Thomas Cooper Society invites community to annual dinner with Henry Louis Gates, Jr.Ernest F. Hollings Special Collections Library, Program Room
The Thomas Cooper Society of the University of South Carolina Libraries is inviting all members of the community to its annual dinner with special guest Henry Louis Gates, Jr. on Monday, April 11, 2016 at Capstone House. The society will present Dr. Gates with the Thomas Cooper Medal for distinction in the arts and sciences at the event.
Dr. Gates is the Alphonse Fletcher University Professor and Director of the Hutchins Center for African and African American Research at Harvard University, and an Emmy Award-winning filmmaker, literary scholar, journalist, cultural critic and institution builder.
Dr. Gates has authored or co-authored twenty books and created 15 documentary films including Wonders of the African World, African American Lives, Faces of America, Black in Latin America, and Finding Your Roots. His six-part PBS documentary series, The African Americans: Many Rivers to Cross (2013), earned the Emmy Award for Outstanding Historical Program — Long Form, as well as the Peabody Award, Alfred I. duPont-Columbia University Award, and NAACP Image Award. His latest film is a four-hour documentary series, And Still I Rise: Black America since MLK, airing on PBS in April 2016. A companion book he co-authored with Kevin M. Burke was published by Ecco/HarperCollins in 2015.
Dr. Gates, who has written for The New Yorker, The New York Times, and Time, now serves as chairman of TheRoot.com, a daily, online magazine he co-founded in 2008. In 2012, The Henry Louis Gates, Jr. Reader, a collection of his writings edited by Abby Wolf, was published. Dr. Gates was a member of the first class awarded “genius grants” by the MacArthur Foundation in 1981. In 1998 he became the first African American scholar awarded the National Humanities Medal. He was named to Time magazine’s 25 Most Influential Americans list in 1997, to Ebony magazine’s Power 150 list in 2009, and to its Power 100 list in 2010 and 2012.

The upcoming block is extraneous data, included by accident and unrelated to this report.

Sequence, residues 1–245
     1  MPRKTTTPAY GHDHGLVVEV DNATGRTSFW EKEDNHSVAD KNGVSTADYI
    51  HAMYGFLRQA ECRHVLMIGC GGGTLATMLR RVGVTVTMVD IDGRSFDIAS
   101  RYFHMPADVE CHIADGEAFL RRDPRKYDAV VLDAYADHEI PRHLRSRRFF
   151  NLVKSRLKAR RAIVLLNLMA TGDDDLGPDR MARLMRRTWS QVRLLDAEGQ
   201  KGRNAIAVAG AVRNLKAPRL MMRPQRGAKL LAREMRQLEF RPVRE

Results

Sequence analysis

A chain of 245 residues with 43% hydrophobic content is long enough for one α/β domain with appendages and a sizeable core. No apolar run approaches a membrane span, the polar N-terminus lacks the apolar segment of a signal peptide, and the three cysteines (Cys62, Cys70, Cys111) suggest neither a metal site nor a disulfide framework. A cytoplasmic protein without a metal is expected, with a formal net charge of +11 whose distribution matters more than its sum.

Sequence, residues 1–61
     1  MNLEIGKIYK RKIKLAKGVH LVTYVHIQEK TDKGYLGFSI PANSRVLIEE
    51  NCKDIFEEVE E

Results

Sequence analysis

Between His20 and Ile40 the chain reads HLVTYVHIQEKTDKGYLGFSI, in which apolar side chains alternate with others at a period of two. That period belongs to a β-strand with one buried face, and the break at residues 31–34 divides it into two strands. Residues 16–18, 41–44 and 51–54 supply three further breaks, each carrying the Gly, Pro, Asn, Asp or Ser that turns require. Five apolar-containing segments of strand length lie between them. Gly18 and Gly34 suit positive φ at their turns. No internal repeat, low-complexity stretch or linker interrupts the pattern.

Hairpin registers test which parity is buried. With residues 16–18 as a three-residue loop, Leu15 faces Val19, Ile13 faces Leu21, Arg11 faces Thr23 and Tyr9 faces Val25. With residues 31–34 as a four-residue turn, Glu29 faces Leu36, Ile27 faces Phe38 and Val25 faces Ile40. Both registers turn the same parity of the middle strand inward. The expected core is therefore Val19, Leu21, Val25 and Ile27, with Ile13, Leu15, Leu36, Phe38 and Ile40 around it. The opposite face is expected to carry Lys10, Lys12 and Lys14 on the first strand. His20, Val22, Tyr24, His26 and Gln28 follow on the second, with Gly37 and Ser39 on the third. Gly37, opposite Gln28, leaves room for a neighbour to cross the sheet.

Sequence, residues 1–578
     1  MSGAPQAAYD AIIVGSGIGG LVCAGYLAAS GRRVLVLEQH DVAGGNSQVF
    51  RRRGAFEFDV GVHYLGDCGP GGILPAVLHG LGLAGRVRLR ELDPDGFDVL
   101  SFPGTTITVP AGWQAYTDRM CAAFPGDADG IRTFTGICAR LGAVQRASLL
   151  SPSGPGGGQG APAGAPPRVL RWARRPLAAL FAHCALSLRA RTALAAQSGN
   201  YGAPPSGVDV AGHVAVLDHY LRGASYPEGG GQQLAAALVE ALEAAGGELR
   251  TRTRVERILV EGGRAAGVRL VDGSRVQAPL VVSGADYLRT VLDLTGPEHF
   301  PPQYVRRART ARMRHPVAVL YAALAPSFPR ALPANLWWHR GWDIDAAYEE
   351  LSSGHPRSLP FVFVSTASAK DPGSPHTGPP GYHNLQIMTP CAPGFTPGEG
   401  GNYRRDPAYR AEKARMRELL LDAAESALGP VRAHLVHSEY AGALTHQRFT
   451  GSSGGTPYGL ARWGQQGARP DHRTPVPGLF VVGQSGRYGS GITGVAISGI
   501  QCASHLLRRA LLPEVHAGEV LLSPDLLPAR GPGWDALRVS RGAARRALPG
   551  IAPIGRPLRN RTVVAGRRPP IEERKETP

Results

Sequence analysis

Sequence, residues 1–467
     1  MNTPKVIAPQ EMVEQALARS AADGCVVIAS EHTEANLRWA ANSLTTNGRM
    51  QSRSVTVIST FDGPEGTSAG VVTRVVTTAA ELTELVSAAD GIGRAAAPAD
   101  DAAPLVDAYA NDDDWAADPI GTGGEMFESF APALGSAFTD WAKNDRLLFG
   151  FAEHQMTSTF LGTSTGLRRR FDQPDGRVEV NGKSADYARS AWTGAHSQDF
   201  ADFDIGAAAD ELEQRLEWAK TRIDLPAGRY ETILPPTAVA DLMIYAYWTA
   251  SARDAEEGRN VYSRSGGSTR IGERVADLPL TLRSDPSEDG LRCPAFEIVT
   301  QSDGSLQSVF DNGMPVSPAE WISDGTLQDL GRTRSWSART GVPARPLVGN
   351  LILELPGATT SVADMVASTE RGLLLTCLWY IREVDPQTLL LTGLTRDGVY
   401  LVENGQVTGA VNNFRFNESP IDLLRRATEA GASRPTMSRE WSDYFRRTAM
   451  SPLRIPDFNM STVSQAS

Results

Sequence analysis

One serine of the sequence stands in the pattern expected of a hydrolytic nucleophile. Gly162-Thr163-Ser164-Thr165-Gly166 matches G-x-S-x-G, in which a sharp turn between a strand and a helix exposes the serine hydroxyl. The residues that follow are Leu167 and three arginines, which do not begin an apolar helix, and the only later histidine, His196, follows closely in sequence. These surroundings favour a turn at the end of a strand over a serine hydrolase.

The Thomas Cooper Medal has previously been awarded to Pat Conroy, James Dickey, Ray Bradbury, Joyce Carol Oates, Norman Mailer, Elmore Leonard and many others.
Dr. Thomas Cooper, for whom the main library at the university is named, was the second president of South Carolina College and distinguished as both a scientist and political economist.
The dinner will take place Monday April 11, 2016 at the university’s Capstone House in the Campus Room. The reception will begin at 6 p.m., and dinner will begin at 6:30 p.m.
Reservations are required and can be made at http://bit.ly/1T7WpfX. Tickets are $100 per person for members and non-members.
Direct inquiries to Maggie Bergmans at 803-777-3142 or email@example.com.